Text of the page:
• Read Only: when published as SWF file, the text cannot be selected or edited.
  • Selectable: when published as SWF file, the text is selectable and can be copied to the clipboard, but is not editable. This setting is the default for TLF text.
  • Editable: when published as SWF file, text is selectable and can be edited.

What's New in Adobe Flash Pro CC and CC 2014


According to Adobe, "(Flash Professional CC only) The Text Layout Framework is deprecated and the functionality will be unavailable with Flash Professional CC. If a FLA file containing TLF Text, previously saved with an older version of Flash Professional, is opened with Flash Pro CC, then TLF is converted to Classic Text."


This means that if you have a Flash file you created with Adobe Flash Pro 5, 5.5, or 6 that contained any Arabic, other RTL language, or bidirectional text, you won't be able to upgrade to CC or CC 2014. The content will be corrupted because Adobe Flash is no longer supporting Arabic.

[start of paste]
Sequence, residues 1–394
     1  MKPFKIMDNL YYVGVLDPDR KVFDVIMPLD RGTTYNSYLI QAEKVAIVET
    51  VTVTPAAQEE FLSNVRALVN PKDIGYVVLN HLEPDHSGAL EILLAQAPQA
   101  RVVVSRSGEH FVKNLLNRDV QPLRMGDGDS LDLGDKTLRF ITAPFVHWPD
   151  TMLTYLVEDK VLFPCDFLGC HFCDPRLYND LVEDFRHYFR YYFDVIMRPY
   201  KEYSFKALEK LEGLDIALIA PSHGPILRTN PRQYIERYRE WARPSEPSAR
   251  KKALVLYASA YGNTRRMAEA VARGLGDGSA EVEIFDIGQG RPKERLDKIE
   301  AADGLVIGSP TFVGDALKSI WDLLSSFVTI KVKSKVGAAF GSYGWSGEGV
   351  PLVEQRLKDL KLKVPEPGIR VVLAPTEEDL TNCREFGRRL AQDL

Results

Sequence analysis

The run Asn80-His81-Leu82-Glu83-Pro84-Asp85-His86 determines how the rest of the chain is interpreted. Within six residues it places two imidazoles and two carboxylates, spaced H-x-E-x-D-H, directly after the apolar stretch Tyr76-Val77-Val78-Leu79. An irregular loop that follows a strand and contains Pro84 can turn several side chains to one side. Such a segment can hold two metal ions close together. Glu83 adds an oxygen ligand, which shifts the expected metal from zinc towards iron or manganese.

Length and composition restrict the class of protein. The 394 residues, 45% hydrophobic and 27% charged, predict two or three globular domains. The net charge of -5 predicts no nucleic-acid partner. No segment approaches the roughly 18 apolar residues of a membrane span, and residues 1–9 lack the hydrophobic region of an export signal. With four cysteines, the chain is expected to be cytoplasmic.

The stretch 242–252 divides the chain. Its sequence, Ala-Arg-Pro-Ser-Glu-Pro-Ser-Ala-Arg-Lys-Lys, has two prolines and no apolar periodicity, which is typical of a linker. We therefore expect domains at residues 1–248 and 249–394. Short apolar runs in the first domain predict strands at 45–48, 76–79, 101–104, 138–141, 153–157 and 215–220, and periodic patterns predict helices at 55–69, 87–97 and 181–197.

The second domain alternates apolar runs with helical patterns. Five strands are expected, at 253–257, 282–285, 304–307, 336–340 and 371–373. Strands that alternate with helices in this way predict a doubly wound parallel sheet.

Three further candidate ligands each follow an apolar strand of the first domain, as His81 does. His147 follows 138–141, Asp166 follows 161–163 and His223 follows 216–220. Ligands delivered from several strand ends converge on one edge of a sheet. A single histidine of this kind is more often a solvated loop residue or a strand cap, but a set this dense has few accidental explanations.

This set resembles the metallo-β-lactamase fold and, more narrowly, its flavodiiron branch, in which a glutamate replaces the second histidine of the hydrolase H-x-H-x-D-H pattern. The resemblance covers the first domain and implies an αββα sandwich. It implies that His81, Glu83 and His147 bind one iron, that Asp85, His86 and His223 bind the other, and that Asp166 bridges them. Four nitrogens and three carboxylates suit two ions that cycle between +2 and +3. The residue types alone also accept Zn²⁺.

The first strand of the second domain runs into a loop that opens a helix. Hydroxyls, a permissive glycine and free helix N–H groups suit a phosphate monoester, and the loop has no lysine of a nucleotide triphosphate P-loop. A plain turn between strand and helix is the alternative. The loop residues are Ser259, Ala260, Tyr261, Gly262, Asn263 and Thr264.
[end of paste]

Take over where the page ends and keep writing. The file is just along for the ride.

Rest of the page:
While Adobe Flash users are not thrilled with the missing capabilities that were previously provided by TLF, Arabic users like myself would like to see Adobe's steps forward in supporting the Arabic language with TLF.


I will continue working in Adobe Flash CS6 for Arabic support and when I have to work in Flash files that are created with a more recent version, I will return to use third party tools to put Arabic text inside Flash.


GPI's Multilingual Desktop Publishing Services